State Senator Rob Schaaf contends recent billboards aimed at him were financed with dark money.

State Sen. Rob Schaaf (R-St. Joseph)

The St. Joseph Republican notes three billboards, including one that read “Did you know? Rob Schaaf lived with a lobbyist?”, were paid for by a group – Darlington Road Corporation – in which an attorney is the only member.

The billboards are in or near Jefferson City and St. Joseph.

Schaaf asked his colleagues on the Senate floor yesterday if they agree with him that more transparency is needed.

“You have to ask yourself the question, ‘Is this the way I want my state to run?’,” said Schaaf.  “If somebody runs billboards against you, do you feel like you ought to know who paid for it?”

Schaaf said on the Senate floor that he was able to track down, through the help of a local TV station, the origin of Darlington Road Corporation to an attorney in Las Vegas, Robert Spretnak, who is listed as the company’s only officer, treasurer, secretary, and director.  The company is registered on the Nevada Secretary of State’s website.

Schaaf repeatedly said he was not intimidated while speaking on the Senate floor.  He said the presence of dark money, in which specifically classified non-profits don’t have to reveal their donors, should be prohibited.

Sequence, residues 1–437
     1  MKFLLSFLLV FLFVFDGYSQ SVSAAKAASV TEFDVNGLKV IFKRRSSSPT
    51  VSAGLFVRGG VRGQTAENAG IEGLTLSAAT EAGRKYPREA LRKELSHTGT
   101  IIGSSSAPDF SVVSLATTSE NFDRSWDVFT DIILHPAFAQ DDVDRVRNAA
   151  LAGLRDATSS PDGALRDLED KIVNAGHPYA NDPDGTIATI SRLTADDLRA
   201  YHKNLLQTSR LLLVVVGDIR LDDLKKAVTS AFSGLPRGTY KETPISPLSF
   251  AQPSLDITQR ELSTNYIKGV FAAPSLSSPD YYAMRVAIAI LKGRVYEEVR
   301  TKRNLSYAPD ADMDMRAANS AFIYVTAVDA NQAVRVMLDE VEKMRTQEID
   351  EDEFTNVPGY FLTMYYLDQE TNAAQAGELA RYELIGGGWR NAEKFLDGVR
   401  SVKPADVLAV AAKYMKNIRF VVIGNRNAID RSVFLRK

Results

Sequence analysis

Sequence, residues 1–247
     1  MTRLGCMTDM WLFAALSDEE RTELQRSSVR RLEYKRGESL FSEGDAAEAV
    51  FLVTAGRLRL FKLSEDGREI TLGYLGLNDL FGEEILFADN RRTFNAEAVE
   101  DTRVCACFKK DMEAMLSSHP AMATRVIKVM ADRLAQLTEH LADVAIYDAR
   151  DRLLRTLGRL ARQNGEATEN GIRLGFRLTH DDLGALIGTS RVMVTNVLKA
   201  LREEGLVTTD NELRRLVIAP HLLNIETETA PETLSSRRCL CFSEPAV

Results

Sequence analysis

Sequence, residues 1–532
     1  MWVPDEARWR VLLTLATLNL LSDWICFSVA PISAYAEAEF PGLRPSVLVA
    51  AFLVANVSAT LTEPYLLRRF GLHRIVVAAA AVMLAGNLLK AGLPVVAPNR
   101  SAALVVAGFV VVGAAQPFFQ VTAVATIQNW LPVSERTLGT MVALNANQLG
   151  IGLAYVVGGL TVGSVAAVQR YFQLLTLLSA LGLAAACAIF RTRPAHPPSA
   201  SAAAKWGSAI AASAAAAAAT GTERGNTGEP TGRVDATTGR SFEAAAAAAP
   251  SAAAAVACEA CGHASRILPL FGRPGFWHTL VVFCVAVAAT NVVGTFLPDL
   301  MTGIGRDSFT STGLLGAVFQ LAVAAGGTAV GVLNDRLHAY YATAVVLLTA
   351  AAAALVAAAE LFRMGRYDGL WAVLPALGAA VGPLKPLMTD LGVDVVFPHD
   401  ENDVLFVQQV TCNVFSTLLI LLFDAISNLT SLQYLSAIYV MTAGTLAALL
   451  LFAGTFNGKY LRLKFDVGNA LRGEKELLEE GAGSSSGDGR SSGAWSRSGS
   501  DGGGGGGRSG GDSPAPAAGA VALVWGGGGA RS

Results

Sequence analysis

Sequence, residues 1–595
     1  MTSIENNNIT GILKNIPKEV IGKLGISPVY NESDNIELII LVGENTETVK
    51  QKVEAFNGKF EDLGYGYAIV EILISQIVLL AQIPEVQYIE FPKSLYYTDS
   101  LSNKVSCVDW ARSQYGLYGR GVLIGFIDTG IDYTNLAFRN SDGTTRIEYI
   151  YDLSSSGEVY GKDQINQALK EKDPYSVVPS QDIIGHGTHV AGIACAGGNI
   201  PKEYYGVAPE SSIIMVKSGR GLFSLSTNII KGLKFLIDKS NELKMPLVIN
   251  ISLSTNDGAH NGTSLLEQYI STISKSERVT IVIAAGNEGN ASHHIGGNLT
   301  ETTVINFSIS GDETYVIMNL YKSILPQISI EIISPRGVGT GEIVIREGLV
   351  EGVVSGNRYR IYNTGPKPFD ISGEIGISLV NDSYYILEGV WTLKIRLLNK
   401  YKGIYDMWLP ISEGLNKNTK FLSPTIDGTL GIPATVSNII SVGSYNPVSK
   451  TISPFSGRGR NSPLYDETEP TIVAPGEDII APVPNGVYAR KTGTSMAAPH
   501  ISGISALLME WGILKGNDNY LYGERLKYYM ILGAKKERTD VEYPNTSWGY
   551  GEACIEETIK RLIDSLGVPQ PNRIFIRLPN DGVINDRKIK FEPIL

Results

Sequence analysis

“We shouldn’t allow this.” Schaaf said.  “We should shut out the dark money.  And that is the message that I really want people to think about.  We should end the dark money.”

Schaaf mentioned that fellow Republican Governor Eric Greitens’ non-profit, A New Missouri, which legally declines to list its donors, has spent money against him and other state Senators, including fellow Republicans Doug Libla of Poplar Bluff, Gary Romine of Farmington and Bob Dixon of Springfield.

The state Senator who will term out of office at the end of this year acknowledged he couldn’t say whether Greitens or allies of the governor bankrolled the billboards.

The non-profit groups exempt from having to identify those who contribute are classified under the 501 (c) (4) section of the Internal Revenue Code.

Schaaf is supporting a proposed initiative petition, known as the Clean Missouri initiative, that would eliminate almost all lobbyist gifts, lower campaign contributions and require legislative records to be open to the public.

Since the weekend, Schaaf has posted on Twitter a number of defiant messages targeted at what he perceives as a dark money group as having financed the billboards.  One read, “The message is not what is ON the billboards. The message IS the billboards. They are dark money fighting for survival, corruption desperately trying to stay in power.

Another tweet says, “Stick a fork in the coward who paid for the billboards.”

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